Perhaps because it was weary of “intimidating” hedge fund managers, the SEC also apparently did nothing to investigate illegal naked short selling of Allied’s stock. From the moment that Einhorn declared that Allied was “going to zero”, and for many months afterwards, Allied’s stock “failed to deliver” in massive quantities – a sure sign of criminal naked short selling. We do not know that Einhorn, others in the Milken network, or their brokers were committing this crime. Maybe it was someone else. Either way, it was not beyond the pale for Allied to ask the SEC to investigate. Or maybe it was. After all, the SEC wouldn’t want to “intimidate” criminals.
It is also notable that literally minutes after Einhorn declared that Allied was “going to zero”, the corrupt law firm Milberg Weiss filed a class action lawsuit against Allied that almost precisely mimicked Einhorn’s allegations. Indeed, Milberg filed a class action lawsuit against nearly every company attacked by short sellers in the Milken network.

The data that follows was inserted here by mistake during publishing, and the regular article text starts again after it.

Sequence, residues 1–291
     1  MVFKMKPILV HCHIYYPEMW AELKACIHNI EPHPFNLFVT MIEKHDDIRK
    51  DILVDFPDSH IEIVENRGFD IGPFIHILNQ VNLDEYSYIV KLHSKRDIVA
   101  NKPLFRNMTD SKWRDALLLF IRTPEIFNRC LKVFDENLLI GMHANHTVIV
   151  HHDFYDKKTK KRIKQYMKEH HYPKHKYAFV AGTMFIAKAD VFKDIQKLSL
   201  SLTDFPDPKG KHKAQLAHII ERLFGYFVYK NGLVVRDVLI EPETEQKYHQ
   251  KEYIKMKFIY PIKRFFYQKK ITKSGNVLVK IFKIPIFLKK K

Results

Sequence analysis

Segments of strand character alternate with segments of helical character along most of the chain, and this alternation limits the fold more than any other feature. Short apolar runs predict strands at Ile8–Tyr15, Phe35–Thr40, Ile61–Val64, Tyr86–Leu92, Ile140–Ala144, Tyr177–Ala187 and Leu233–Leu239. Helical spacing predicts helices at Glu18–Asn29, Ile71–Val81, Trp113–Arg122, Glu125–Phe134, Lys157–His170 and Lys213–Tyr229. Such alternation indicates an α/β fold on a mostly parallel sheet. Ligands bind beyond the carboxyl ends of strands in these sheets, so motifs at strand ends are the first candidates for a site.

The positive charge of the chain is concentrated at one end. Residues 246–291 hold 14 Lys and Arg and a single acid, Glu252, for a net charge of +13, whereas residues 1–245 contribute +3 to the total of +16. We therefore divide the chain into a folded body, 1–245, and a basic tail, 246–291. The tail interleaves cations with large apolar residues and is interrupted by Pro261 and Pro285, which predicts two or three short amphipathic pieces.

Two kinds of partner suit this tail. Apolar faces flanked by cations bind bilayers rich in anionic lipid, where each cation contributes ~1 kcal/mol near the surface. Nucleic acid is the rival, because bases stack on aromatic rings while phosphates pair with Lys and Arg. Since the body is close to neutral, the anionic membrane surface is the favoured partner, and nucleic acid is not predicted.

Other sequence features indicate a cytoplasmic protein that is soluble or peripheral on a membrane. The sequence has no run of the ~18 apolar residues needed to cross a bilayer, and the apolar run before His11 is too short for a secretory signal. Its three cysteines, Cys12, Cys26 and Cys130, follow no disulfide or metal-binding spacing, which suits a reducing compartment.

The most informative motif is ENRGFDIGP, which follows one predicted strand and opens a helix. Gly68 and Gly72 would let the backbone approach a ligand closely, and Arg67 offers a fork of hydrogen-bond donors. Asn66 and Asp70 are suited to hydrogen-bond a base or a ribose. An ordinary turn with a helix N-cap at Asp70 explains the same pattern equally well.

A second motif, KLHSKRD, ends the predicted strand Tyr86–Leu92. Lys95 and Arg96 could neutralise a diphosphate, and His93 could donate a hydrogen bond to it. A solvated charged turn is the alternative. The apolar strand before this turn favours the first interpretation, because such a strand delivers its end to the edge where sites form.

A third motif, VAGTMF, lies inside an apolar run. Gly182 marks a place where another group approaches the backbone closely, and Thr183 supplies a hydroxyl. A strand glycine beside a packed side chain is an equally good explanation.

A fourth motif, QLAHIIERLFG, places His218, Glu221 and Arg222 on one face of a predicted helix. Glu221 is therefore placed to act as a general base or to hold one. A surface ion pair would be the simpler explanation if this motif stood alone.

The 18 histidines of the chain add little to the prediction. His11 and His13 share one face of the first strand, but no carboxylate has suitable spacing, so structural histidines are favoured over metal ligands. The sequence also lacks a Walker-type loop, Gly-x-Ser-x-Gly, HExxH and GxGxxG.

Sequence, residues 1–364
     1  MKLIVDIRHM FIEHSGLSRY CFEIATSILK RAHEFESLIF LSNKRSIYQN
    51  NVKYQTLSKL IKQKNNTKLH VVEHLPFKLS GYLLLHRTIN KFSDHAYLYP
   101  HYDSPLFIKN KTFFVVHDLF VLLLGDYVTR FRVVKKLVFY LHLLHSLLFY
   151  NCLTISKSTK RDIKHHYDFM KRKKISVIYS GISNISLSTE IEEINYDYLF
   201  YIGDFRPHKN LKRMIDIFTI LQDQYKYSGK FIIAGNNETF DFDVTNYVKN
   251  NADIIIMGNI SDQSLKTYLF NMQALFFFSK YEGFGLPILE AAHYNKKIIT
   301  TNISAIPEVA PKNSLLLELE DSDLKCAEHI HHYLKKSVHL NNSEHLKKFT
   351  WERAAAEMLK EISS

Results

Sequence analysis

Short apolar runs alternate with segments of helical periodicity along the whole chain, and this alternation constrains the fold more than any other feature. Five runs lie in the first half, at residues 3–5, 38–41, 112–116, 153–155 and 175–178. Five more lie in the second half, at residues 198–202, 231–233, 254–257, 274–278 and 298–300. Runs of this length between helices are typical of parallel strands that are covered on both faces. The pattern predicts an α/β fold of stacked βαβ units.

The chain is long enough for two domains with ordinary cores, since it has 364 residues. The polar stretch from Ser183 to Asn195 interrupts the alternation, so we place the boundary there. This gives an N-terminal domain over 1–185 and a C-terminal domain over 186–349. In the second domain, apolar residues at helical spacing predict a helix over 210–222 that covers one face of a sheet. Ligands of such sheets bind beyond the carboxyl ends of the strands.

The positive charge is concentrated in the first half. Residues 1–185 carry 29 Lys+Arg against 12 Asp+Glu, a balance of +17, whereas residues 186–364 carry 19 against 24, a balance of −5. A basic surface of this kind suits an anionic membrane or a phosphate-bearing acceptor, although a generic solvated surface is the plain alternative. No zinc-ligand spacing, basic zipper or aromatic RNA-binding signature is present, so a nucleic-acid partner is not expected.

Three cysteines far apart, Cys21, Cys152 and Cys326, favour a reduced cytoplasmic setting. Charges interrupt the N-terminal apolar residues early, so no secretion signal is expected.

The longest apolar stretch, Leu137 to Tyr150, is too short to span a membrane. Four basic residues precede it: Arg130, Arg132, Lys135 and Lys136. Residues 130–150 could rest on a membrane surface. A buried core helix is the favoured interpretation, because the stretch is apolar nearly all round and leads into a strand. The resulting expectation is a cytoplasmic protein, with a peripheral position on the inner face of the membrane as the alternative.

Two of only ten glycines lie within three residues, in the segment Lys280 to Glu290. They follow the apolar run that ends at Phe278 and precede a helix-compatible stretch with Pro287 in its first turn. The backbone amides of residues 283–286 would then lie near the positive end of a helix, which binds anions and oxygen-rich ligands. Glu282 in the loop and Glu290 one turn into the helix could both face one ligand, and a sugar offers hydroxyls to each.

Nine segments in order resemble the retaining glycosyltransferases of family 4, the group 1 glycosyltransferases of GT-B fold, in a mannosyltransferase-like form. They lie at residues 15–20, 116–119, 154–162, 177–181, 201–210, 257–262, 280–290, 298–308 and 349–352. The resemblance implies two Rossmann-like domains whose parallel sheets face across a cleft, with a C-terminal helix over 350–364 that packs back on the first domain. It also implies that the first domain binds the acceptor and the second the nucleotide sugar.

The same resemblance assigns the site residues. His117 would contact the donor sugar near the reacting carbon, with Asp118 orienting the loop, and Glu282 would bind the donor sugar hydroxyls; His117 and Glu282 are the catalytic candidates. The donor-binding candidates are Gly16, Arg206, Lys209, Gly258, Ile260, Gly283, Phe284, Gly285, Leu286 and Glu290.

A couple of years ago, Milberg’s top partners went to jail after prosecutors determined that the partners routinely bribed the plaintiffs in such lawsuits and knew in advance that some event would collapse the stock prices of the companies named in the lawsuits. Einhorn claims that the timing and contents of Milberg’s lawsuit were coincidences. We’ll never know the truth because the SEC doesn’t want to “intimidate” short sellers and corrupt law firms.
There were other “coincidences”. For example, supposedly “independent” financial research shops, such as Off Wall Street Research and Farmhouse Equity Research, published reports that closely paralleled Einhorn’s negative analysis of Allied Capital. The Motley Fool reported in 2007 that Einhorn’s confederate Jim Brickman helped Farmhouse write its research on Allied, and received a copy of at least one of these research reports one week prior to its publication.